Developing and Using a Powerful Personal Narrative

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In professional contexts and increasingly in personal ones, especially social media and dating sites, it’s become important to have a personal narrative. In a time of Instagram, Facebook, and YouTube, younger generations are becoming really good at developing a personal brand or a personal narrative. It’s something that’s required of everybody, because of how we consume and share information about others.

As I talk about in my book, Honestly Speaking: How the Way We Communicate Transforms Leadership, Love, and Life developing and sharing a compelling personal narrative is one of the most important aspects of modern communication that we all need to be good at.

How we think of ourselves and present ourselves can make us compelling for a new job or attractive to a new partner, and it can confirm — or run afoul of — people’s perceptions of us. But it’s often uncomfortable for people to talk about themselves because they feel boastful and self-promotional. Despite the discomfort, it’s critical today. It’s also really important to be able to talk about yourself in a way that feels authentic and gets across the key aspects of yourself in certain contexts.

Most importantly:

Make sure that your narrative matches both reality and what you put on professional networking sites and dating apps.

Never lie about yourself. But keep in mind — you are much more than the sum of your experiences and accomplishments. You are how you feel, how you show up, and what you do based on those experiences.

Going one step further in drawing conclusions and weaving a story about your experiences for your potential partner or manager helps them get a better sense of who you are.

Experiences grouped together by theme or by learning are way more effective than a long list of jobs and company names.

Creating a narrative out of a handful of experiences requires that you answer a couple of questions:

  • What are the one or two common aspects of all the different jobs you’ve had?
  • In one or two sentences, what motivated the moves and decisions you’ve made that led you to this point?

For example, I have a pretty diverse professional background — I studied political science and international security in college but had been really interested in journalism; I worked in political communications and then went to law school; in law school I focused on policy and government more than the traditional practice of law; after law school I worked at a foundation and then a nonprofit and taught a college course on nonprofits and advocacy. When I talk about my own narrative at work, the two common threads I point out through those experiences are that I have become good at distilling complex ideas in simple ways for different audiences, and I’ve always focused on being a good manager and leader.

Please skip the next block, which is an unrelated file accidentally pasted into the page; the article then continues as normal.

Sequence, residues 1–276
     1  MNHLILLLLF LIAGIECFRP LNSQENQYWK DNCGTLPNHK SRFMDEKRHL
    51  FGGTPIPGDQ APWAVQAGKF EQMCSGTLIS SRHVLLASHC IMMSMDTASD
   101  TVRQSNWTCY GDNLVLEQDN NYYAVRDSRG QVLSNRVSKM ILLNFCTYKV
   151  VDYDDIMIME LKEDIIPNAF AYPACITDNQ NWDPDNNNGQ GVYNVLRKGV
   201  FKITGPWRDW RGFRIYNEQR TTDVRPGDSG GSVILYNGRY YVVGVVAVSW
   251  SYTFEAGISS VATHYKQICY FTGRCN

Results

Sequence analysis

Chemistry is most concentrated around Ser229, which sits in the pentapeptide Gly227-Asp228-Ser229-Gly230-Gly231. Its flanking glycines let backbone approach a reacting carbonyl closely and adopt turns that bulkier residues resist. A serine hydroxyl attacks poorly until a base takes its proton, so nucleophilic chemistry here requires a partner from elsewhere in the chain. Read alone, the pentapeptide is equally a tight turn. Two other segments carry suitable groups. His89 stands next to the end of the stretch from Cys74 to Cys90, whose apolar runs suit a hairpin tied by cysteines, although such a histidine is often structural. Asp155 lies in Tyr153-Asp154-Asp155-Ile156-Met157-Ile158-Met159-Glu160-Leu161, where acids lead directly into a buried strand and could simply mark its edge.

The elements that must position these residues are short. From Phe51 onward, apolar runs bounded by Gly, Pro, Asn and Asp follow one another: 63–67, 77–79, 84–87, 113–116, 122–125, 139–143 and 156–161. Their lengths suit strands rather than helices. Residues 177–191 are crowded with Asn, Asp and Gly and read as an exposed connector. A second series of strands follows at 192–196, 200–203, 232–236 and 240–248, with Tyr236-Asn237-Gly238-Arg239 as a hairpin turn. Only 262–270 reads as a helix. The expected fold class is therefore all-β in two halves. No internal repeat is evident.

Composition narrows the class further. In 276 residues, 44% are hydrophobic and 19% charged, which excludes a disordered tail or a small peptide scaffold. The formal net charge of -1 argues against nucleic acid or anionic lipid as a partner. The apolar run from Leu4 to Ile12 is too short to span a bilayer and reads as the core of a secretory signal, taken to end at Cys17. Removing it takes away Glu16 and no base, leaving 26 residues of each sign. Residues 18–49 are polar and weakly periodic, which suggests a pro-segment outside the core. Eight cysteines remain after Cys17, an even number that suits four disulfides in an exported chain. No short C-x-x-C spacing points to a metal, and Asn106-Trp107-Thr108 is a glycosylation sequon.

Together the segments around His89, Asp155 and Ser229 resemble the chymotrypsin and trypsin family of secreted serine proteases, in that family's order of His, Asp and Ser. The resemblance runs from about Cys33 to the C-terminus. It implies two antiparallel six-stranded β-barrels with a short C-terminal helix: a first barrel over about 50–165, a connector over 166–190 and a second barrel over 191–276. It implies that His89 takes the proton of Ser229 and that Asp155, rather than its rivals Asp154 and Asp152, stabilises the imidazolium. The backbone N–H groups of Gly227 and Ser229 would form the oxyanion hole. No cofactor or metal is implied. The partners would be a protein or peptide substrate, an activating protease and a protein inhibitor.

Focusing less on the job title and more on what you learned in each job and their similarities helps develop a common thread through various experiences.

Focusing less on providing a chronological list of actions or accomplishments and more on a theme or two that unites them is more compelling and often comes across less as bragging — and is therefore more comfortable for us to share. Do not name-drop as much as you talk about substance. Degrees, institutions, and names matter far less than what you’ve done and who you are.

Have a short, medium, and longer version of the same narrative. Start by creating the longer version, and then cut.

Boil it down to its essence — what are the one, two, or three points that you think really encapsulate you and your experience? If you keep those as your north star, you’ll always be able to run through them in a thirty-second conversation at a cocktail party, in a two-minute talk on a panel, or during a longer-form interview.

Finally, a few specific tips on creating a narrative or story about yourself:

  • Ask for specific feedback from people you trust.
  • Keep it short and direct. Don’t feel the need to list every accomplishment.
  • Never say something that’s untrue. Ever. Only take credit for your own work. But take credit for work you did, even if it was part of a team.
  • Don’t lose an opportunity to be open, honest, and a little vulnerable. Trying to appear perfect or hide imperfections makes you seem insecure and unrelatable. We all have flaws, and it makes your narrative unrealistic to go out of your way to conceal them.
  • Smile. In photos on dating websites and professional networking sites, a smile conveys accessibility and confidence. Studies have shown it’s a key part of executive presence and is attractive in mates.

This article is adapted from the forthcoming Honestly Speaking: How the Way We Communicate Transforms Leadership, Love, and Life due out in July 2019.

Communications and culture leader, author, certified coach, lawyer, yoga teacher. www.azureleadership.com/honestlyspeakingbook

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